read more: Most Common Genital Herpes Symptoms in Women
What are Genital Warts?
A genital wart is a contagious, projecting fleshy growth on the external genitals or anus, consisting of fibrous overgrowths covered by a thickened epithelium (outer layer).
Genital warts are due to sexual contact with a person infected with human papillomavirus (HPV); they are usually benign (non-cancerous), but many subtypes have the potential for malignant (cancerous) change.
Causes of Genital Warts
The virus that causes genital warts is called human papillomavirus (HPV). There are more than 70 different types of HPV. Many cause no problems. Some cause warts on other parts of the body and not the genitals. Types 6 and 11 are most commonly linked to genital warts.
Certain other types of HPV can lead to precancerous changes in the cervix, or to cervical cancer. These are called high-risk types of HPV. They can also lead to vaginal or vulvar cancer, anal cancer, and throat or mouth cancer.
Important facts about HPV:
- HPV infection spreads from one person to another through sexual contact involving the anus, mouth, or vagina. The virus can be spread, even if you do not see the warts.
- You may not see warts for 6 weeks to 6 months after becoming infected. You may not notice them for years.
- Not everyone who has come into contact with the HPV virus and genital warts will develop them.
You are more likely to get genital warts and spread them more quickly if you:
- Have multiple sexual partners
- Are sexually active at an early age
- Use tobacco or alcohol
- Have a viral infection, such as herpes, and are stressed at the same time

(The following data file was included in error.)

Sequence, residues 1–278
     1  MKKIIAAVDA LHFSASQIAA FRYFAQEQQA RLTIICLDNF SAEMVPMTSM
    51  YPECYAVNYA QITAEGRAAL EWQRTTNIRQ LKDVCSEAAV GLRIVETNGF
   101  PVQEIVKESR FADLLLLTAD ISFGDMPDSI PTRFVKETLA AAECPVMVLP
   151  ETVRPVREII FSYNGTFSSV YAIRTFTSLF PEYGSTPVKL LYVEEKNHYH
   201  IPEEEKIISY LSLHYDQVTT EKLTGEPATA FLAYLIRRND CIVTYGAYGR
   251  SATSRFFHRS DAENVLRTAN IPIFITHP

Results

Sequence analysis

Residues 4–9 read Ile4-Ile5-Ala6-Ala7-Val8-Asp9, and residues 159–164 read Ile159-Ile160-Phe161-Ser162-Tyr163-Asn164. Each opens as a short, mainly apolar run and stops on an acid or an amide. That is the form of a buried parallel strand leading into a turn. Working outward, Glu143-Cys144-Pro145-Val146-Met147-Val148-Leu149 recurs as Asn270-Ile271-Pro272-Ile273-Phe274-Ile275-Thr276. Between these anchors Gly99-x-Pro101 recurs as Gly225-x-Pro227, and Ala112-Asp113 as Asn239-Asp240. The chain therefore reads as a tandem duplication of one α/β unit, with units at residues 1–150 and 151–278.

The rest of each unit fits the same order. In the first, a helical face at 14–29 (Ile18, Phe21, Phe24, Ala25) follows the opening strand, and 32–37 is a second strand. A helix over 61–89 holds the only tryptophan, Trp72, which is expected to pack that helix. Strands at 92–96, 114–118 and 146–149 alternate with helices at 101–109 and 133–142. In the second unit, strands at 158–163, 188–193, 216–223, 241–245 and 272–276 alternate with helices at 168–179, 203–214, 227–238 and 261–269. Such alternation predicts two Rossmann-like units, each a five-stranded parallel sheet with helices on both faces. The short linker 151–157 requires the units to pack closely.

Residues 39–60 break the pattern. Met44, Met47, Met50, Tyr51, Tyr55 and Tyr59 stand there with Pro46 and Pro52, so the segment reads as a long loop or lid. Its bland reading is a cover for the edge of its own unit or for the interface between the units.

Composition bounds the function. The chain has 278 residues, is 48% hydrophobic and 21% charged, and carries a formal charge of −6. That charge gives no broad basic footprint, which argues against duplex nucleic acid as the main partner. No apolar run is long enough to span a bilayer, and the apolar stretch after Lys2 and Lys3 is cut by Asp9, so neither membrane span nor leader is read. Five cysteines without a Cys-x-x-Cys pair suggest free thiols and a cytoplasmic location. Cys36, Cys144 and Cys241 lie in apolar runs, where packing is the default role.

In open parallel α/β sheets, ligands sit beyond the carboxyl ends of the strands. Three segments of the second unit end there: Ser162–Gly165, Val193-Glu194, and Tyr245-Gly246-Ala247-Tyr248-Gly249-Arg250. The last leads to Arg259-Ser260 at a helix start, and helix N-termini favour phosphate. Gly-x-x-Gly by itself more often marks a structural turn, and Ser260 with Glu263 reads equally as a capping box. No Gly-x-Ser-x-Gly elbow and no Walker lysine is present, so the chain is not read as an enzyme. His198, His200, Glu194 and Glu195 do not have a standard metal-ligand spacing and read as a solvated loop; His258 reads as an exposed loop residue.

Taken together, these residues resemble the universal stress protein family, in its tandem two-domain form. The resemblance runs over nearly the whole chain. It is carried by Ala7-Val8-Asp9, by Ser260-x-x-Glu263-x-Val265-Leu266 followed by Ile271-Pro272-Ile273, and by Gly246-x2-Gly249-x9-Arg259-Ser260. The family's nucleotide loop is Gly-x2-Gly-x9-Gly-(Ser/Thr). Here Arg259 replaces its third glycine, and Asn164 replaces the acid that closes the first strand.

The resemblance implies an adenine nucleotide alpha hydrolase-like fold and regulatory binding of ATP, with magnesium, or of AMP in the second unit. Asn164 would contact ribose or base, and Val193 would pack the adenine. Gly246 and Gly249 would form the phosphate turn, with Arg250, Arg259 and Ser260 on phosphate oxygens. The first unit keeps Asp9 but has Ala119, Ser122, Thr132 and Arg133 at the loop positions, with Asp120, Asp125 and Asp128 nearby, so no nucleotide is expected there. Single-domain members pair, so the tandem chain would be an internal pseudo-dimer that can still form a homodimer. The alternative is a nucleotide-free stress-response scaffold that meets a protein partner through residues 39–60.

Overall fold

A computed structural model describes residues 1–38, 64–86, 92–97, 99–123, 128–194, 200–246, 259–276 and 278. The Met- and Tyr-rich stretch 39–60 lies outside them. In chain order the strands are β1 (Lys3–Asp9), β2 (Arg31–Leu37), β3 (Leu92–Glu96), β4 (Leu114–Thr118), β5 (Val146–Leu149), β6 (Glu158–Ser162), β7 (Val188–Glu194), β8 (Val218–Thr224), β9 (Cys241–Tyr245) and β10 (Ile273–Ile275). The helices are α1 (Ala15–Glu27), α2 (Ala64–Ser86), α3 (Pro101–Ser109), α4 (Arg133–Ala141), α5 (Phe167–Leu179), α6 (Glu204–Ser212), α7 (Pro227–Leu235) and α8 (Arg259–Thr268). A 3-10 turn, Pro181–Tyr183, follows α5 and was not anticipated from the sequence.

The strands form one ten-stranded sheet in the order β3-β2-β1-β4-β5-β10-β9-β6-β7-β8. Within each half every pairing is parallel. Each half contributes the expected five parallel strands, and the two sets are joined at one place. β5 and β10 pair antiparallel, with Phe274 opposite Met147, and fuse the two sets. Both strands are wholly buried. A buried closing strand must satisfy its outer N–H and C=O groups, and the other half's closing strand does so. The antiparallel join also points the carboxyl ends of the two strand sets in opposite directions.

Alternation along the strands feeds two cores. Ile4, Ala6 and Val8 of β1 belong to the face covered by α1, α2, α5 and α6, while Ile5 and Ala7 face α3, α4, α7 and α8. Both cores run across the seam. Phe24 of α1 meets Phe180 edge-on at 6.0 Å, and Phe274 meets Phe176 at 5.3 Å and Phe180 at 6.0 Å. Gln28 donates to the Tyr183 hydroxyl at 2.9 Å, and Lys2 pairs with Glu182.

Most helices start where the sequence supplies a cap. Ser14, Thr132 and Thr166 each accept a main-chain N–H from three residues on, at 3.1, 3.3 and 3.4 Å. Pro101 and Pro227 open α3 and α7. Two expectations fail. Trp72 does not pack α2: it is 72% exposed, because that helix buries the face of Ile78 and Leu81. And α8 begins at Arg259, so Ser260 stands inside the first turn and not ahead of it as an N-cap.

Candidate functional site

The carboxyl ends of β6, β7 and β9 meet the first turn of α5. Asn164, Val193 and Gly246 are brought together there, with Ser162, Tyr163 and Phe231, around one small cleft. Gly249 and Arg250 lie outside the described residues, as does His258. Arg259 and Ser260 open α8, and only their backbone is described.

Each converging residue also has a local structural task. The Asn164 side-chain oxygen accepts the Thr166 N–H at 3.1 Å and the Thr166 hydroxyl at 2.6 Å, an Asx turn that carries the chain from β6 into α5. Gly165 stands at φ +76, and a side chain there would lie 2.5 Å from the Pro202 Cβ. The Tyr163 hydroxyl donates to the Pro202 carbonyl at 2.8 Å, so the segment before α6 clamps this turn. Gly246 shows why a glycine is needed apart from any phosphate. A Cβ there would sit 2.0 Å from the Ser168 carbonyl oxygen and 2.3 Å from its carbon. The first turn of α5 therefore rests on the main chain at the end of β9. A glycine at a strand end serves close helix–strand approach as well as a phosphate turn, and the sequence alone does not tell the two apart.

- Are pregnant
- Have a weakened immune system due to a condition such as diabetes, pregnancy, HIV/AIDS, or from medicines
If a child has genital warts, sexual abuse should be suspected as a possible cause.
Are Genital Warts Dangerous?
You may find genital warts to be unpleasant or mildly uncomfortable, but they are not dangerous. They can, however, cause sores and bleeding which can increase your risk of HIV infection.
Genital Warts and Cancer
Many people may worry that their genital warts will place them at risk of cancer. But the types of HPV that cause genital warts do not cause cancer.
It’s not unusual to have more than one HPV infection at a time. And warts may be a sign of infection from more serious types of HPV. Women can test for more serious types of HPV by getting regular Pap tests.
Genital Warts and Pregnancy
Women with genital warts can have healthy pregnancies. But a pregnant woman should tell her nurse or doctor if she’s ever had genital warts. That way she can get any treatment she might need. Sometimes genital warts grow more quickly during pregnancy. A provider can remove warts before birth to keep them from bleeding during delivery.
Very rarely, a woman can pass genital warts to her newborn during vaginal delivery. This can result in serious medical conditions for the newborn, including problems with breathing and severe, sometimes fatal, developmental disabilities. A cesarean section may be needed to prevent passing an infection during delivery or if warts are likely to bleed heavily during delivery.
Difference Between Herpes And Genital Warts
Herpes and Genital warts are three very different members of the sexually transmitted infection family. One is a symptom of another. However, they are all associated with the eruption of uncomfortable bumps in both very visible and very discreet places.
The Difference is the human papillomavirus can cause genital warts, while the painful blisters typically associated with genital herpes come from a different virus entirely: herpes simplex virus.
read more: Genital Pimple: Quick Brief Overview